Form: oil, powder.

Purpose: raw materials for the production of dietary supplements, functional foods, fitness products, sports nutrition, medicines.

Manufacture of cosmetics, tanning products, anti-pigment products

Recommended daily dose -15mg


Tocotrienols are chemicals from the vitamin E family. Unlike other forms of vitamin E, tocotrienols are less common in nature. Most of the food we eat contains tocopherols instead of tocotrienols, but some types of vegetable oils, such as palm oil, are high in tocotrienols.

Most vitamin E supplements contain tocopherols, not tocotrienols. Research also shows that tocotrienol is a more potent form of vitamin E than tocopherol. Research also tells us that tocotrienol has many health benefits.

Health benefits

According to open source information (, research shows tocotrienols are powerful antioxidants that can fight inflammation in the body. This anti-inflammatory effect can have several health benefits, including:

Protecting Brain Cells: Some studies show tocotrienol has neuroprotective effects. Tocotrienol may also play a role in the fight against Parkinson’s disease.
Reducing Cancer Risk: There is evidence that tocotrienols can reduce the risk of cancer by preventing damage caused by free radicals. Research shows that tocotrienols can help fight a variety of cancers, including colon, prostate, lung, stomach, skin, and liver cancers.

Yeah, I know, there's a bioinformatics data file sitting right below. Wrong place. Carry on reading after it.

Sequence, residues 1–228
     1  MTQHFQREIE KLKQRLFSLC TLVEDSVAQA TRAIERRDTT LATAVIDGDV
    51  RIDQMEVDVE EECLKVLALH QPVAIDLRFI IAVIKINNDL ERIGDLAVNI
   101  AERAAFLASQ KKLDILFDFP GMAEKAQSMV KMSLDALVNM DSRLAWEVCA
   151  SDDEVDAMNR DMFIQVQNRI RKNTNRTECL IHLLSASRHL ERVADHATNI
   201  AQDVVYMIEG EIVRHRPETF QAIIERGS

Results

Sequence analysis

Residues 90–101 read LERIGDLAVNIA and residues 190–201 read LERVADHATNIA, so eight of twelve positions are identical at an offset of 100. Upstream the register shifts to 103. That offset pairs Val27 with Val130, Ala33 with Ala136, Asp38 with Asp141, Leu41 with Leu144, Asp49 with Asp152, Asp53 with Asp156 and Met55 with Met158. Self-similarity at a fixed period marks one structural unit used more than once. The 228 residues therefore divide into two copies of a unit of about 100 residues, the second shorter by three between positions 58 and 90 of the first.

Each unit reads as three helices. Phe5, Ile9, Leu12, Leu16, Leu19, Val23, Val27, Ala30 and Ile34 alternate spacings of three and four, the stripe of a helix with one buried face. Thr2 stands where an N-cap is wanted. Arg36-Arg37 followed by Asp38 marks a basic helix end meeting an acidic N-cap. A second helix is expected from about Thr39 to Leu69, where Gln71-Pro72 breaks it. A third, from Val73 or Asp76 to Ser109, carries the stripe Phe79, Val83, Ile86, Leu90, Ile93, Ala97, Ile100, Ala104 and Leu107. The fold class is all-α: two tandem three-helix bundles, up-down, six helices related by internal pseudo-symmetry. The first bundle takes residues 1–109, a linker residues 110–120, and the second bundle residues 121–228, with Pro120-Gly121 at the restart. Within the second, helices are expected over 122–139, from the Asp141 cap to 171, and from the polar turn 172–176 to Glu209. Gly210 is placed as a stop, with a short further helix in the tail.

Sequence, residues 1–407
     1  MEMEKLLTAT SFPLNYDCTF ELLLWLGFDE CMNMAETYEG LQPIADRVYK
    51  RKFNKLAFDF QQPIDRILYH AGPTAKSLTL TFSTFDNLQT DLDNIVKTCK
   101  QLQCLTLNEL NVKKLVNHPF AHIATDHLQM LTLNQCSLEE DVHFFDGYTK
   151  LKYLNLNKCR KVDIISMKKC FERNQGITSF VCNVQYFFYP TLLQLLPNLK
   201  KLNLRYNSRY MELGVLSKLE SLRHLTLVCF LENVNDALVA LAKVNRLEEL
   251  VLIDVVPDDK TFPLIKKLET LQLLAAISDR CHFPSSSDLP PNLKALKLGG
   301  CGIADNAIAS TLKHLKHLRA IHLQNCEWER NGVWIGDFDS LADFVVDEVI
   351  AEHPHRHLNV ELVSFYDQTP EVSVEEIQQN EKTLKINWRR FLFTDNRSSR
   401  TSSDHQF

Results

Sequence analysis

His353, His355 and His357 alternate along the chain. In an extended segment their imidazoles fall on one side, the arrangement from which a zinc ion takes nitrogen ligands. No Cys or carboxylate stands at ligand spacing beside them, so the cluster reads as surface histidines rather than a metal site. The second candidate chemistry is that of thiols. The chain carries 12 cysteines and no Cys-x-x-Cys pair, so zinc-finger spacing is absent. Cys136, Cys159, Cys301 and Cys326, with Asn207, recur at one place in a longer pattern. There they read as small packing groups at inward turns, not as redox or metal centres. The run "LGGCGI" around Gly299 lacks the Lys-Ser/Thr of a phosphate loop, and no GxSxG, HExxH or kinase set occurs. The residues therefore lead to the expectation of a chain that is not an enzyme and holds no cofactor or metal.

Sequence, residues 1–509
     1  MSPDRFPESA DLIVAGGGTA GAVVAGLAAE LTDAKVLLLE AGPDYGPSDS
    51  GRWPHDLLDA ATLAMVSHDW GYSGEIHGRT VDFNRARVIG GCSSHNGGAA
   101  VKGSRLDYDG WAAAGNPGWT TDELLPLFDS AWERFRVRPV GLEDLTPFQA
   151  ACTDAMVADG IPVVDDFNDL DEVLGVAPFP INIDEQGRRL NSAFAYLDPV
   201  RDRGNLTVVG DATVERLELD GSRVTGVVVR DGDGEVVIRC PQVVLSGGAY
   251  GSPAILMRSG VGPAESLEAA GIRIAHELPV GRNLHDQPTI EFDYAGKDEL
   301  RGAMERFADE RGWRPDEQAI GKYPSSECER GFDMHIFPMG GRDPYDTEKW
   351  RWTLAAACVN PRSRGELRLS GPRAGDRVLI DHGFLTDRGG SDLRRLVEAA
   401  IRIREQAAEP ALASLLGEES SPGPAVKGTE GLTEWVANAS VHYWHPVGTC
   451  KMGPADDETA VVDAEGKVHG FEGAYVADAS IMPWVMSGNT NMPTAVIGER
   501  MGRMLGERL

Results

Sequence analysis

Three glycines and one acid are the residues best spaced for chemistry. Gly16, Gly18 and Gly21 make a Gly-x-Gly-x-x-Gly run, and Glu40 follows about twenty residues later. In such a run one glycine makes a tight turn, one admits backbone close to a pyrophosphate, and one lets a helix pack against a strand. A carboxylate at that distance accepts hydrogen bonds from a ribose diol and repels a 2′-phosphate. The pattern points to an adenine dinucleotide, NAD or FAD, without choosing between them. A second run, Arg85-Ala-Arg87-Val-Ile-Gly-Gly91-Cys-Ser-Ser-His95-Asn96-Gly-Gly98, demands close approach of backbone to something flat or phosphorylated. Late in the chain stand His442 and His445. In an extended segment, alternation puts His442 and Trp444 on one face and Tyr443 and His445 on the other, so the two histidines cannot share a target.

Improving Heart Health: Tocotrienols can prevent heart inflammation and help lower cholesterol levels.
Immunostimulating effects. Animal studies suggest a possible link between tocotrienols and improved immune function.
Anti-Aging Benefits: One 2007 study found that using a moisturizing lotion with tocotrienols helped reduce wrinkles and fine lines and significantly increase skin hydration. However, more research is needed to confirm the link between tocotrienols and anti-aging agents.
Preventing Hair Loss: One small study from 2010 shows that tocotrienol supplements can help with certain types of hair loss.

Possible side effects

The researchers did not find any noticeable side effects associated with the use of tocotrienols.

There is little research on the topical use of tocotrienols, but what researchers know so far suggests that it is safe to apply products containing tocotrienol to the skin. However, as with any skin care product, there is the potential for skin irritation.

Dosage and preparation

The recommended average daily intake of vitamin E for adults is 15 milligrams (mg) per day. Taking more supplements can cause side effects. The NIH cautions against taking more than 1000 mg per day.

Types of products produced with the use of Tocotrienol